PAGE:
Dear Neil Venketramen,
My name is Shaun. I’m 28 years old and engaged to Nicole, the girl of my dreams. Our wedding date is eight months from now. I’m having second thoughts.
Nicole likes to hang out with her co-workers after work a few times a week. She will stay out late without calling; sometimes she’ll text. On the weekends Nichol spends a lot of time alone, shopping, catching up on chores and chilling out with her friends. She’s a very independent woman, and I admire that, but I want to spend more time with her. We live together, but we don’t spend much quality time together.
I’m worried about these red flags, and I am not sure what to do? Can you help me? Thanks.
I am glad you decided to write. Not many guys spot relationship challenges early in their relationship.
It seems that what bothers you the most is not that she is independent, values her time alone or likes to go out with her friends. Spending time together is your red flag of most concern. You have what we call in my profession different attachment styles.
Whether couples are married or just starting out like you and Nicole, the ability to develop a healthy attachment with your partner is the foundation of a great relationship. Most married couples live for decades together supporting an unhealthy attachment style. Resentment builds and ultimately their marriages are in deep trouble. Then they attend therapy based on having poor communication, not realizing that their attachment styles are different. You and your fiancé are getting a head start on working through this issue before hostility sets in.
Aside from one’s independence, where the person is free from the control or influence of another, in any relationship, there are two kinds of dependency, where two people rely on each other, and they need to be in balance. When they are not, the power shifts to one of the partners. Think of an equal arms scale with the pans hanging below the beam. One is labeled dependence and the other interdependence. To balance the scale, you place weights in one pan to counter the load in the other pan. If one pan has more weight on it, the balance is off. Being off kilter might be what’s sending up your red flags.
When people or objects are interdependent, they are mutually reliant on each other. The flower feeds the honeybee enabling it to make honey, and the honeybee pollinates the flower. With couples, when one partner is sad or feels hurt, they rely on the other for emotional comfort and vice versa. You enjoy spending time with your partner together, and they feel the same way about you. You two make it a priority to spend quality time with each other.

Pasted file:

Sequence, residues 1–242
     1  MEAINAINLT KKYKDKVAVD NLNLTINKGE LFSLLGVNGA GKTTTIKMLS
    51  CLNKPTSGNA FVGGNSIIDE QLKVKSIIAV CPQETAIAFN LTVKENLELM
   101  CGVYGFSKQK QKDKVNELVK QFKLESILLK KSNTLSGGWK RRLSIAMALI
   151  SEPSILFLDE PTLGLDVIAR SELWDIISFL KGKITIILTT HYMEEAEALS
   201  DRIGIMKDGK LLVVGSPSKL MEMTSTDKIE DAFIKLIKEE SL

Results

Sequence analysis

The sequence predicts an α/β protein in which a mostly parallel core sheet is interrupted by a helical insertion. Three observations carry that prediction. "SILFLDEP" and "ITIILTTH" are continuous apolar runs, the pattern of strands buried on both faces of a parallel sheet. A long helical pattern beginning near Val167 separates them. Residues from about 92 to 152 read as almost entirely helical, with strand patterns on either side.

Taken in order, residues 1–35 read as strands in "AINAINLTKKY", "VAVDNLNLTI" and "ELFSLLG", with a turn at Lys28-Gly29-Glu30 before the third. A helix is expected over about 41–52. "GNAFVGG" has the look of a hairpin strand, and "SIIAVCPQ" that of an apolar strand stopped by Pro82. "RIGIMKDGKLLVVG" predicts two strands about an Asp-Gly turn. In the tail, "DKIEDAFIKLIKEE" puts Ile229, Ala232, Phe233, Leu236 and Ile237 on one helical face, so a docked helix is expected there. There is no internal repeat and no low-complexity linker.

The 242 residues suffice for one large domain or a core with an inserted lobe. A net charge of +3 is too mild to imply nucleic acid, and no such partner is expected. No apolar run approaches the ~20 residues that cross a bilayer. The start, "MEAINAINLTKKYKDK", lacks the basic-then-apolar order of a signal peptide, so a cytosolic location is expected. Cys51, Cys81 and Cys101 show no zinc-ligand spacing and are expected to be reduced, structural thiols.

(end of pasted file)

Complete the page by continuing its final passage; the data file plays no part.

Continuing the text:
Dependence, on the other hand, is more of an obligation or need to handle an aspect of the relationship. A person who relies on another for financial support is dependent. One may feel as though they need to spend all their time with their partner otherwise, they get anxious or feel abandoned. They are exhibiting dependency.
In your case, maybe you do not enjoy spending free time alone because you don’t know what to do with it. You expect your fiancé to fulfill your need to be occupied and not feel anxious. Over time your partner may feel guilty that she does not satisfy your needs yet smothered by your neediness.
Still, dependence is not necessarily unhealthy in a relationship. I am dependent on my wife to plan our meals together; she is dependent on me to manage the service and repairs of our cars.
There are many reasons why one becomes dependent on a partner. It can be like the example in my family where we are splitting up the household responsibilities. Maybe being dependent makes one feel loved in a relationship.
While you appear to be emotionally dependent and would prefer more time with your Nichol, it does not mean you have an unhealthy attachment to your partner. Your mission in your relationship is to balance the scale.
The first step is to talk to Nichol about your dependency and interdependency needs. What are both of your expectations for your relationship and attachment to each other? Identify the priorities for the week. How much time would you like to spend with her?
The second step is to broaden your circle of support, connecting more with your family or friends, and perhaps catch up on the hobbies that make you happy. It seems as though Nichol has found space for other interests that make her happy. You need to find your space for things that will make you happy.
Once you get to a point where you feel that the level of attachment is healthy for the relationship, and the juggling act between individual independence, dependence and interdependence is working for your relationship, you will start to feel good about your connection with your partner.
In conclusion, I must tell you how impressed I am. Most men that I encounter see asking for help and working on their needs in a relationship as a weakness. I see this as a sign of strength. You are taking charge of your happiness and developing the ability to master building your relationship from the start. Congratulations.